Most of us are unprepared to deal with a tragedy. Tragic events are simply unthinkable, unpredictable, and can happen to anyone at any time. It could be a school or community violence situation, or the loss of life for any reason. Starting a conversation about such events isn’t easy for anyone at any age. Here are some ways you can be prepared to help students cope if a tragedy strikes.
1. Set the tone
Your body language can set the tone throughout the discussion. Students will easily detect anxiety and other social cues and may model their own behavior accordingly. Similarly, expressing feelings and emotions may also make them feel more comfortable sharing.
2. Openly talk about the situation
Students could potentially learn about tragedies from their peers, overhearing adults, or directly from other communication sources – including social media. Avoiding the topic may make a child more afraid or unwilling to talk about difficult subjects, or expressing their own emotions.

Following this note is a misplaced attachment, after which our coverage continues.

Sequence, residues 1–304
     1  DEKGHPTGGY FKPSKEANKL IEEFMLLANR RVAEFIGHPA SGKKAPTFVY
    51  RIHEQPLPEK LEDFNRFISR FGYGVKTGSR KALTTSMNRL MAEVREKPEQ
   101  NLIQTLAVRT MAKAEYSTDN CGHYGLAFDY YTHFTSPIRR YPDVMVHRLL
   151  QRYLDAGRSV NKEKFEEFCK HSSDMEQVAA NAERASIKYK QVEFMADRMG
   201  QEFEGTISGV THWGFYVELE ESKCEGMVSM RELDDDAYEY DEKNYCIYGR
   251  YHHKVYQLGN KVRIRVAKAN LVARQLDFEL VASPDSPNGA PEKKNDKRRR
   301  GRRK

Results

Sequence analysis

3. Stick to the facts
When processing an unimaginable tragedy, it’s natural to need a lot of detail and explanation. It’s likely you won’t have many answers, but focusing on the known facts, and avoiding personal opinions and unnecessary details will help the process of processing. Be honest and straightforward about the events that occurred.
4. Active listening
Some of the kids may already know about a tragedy, but they may not have all the facts correct. Listen closely and clear up any misunderstandings or distortions, and listen for any underlying concerns they may be feeling.
5. Reassure safety
It’s paramount that a child feels safe and prepared in their school environment. Review safety protocols such as evacuation drills, lockdown drills, and other school policies in place.